“Before he was here, I had a chair”

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Why I won’t listen to Canada Reads 2011

October 29, 2010 by · 27 Comments 

Thirty seconds.

That’s the approximate amount of time it took after yesterday’s announcement of the 40 titles in contention to appear on the 2011 edition of the CBC’s Canada Reads program for Twitter to explode with tweets from authors, publishers, friends, and fans, all of them advocating for one title or another. Throughout the day, my various e-mail accounts were inundated with pleas to vote for specific books. Normally sensible people were reduced to shouting, slavering promotion machines, backs were scratched, logs were rolled, and asses were kissed.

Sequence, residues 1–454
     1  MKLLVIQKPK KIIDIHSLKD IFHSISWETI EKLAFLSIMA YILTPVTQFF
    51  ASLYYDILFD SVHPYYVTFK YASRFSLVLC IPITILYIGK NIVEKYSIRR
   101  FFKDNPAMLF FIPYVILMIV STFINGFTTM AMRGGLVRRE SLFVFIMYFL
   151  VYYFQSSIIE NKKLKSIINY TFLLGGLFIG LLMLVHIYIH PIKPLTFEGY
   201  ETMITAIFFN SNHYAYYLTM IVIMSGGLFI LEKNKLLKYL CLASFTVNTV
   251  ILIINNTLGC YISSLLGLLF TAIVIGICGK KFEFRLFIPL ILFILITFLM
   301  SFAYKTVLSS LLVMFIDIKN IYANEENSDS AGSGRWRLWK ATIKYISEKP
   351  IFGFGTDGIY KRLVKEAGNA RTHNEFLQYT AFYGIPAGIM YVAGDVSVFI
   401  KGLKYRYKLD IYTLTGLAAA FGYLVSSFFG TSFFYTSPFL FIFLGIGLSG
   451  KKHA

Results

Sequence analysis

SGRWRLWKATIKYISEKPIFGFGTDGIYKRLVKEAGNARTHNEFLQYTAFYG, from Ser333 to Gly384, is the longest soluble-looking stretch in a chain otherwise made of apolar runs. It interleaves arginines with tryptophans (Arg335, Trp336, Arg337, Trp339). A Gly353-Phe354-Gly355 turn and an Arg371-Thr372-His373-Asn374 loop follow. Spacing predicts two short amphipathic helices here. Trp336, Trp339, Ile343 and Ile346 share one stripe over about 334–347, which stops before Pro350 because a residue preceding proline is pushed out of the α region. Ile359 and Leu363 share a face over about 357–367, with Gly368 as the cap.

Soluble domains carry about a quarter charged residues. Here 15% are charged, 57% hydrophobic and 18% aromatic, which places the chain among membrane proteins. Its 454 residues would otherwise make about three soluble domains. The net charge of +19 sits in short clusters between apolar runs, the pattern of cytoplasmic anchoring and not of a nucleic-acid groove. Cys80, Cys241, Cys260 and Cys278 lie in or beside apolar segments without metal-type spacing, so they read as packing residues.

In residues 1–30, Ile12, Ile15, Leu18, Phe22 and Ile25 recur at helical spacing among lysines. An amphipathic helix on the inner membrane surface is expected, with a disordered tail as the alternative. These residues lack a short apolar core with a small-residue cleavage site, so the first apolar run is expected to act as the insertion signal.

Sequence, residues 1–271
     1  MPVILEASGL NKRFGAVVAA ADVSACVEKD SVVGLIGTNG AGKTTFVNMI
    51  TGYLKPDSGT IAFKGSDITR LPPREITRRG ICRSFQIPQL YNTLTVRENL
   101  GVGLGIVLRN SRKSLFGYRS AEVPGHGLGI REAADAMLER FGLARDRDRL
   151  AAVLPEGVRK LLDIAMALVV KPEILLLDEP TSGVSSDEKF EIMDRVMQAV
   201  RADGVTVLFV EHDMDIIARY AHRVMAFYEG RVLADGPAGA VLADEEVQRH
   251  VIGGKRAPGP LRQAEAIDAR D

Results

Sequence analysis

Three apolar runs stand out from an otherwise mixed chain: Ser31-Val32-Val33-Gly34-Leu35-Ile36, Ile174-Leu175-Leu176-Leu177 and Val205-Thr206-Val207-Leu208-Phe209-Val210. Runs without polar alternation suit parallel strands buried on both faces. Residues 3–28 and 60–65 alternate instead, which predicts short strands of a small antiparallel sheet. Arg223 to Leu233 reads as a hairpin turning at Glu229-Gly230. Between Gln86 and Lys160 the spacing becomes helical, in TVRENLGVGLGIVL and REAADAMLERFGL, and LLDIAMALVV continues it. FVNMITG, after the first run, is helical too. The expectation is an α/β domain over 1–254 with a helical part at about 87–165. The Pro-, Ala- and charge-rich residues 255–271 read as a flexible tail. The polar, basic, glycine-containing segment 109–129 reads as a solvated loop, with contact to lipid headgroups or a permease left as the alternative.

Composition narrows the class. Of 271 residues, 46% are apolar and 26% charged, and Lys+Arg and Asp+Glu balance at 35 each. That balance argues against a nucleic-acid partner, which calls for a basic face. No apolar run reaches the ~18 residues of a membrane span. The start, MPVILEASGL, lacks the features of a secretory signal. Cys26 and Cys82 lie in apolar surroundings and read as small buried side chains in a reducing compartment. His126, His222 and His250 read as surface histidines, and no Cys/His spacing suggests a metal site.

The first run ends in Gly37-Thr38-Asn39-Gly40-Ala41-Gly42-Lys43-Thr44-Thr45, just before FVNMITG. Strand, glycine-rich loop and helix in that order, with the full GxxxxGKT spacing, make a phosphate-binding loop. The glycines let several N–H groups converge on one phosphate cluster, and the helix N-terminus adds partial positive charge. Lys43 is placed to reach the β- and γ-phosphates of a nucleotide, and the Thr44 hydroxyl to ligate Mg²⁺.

Welcome to the Canada Reads Effect, 2011 style.

On the off chance that you’ve been living under a rock for the past week, allow me to explain the cause of all this commotion. This year, Canada Reads decided to change the format for deciding which books appear on its program. Instead of allowing the five panelists to choose their own books, the producers decided to canvass the public for nominations. The books had to be Canadian novels published after January 1, 2001. Librarians, booksellers, and bloggers (including yr. humble correspondent) also submitted choices for what they felt to be “essential” books of the decade. From these submissions, the idea was to come up with a 40-title longlist from which the panelists would choose one book each to defend on air.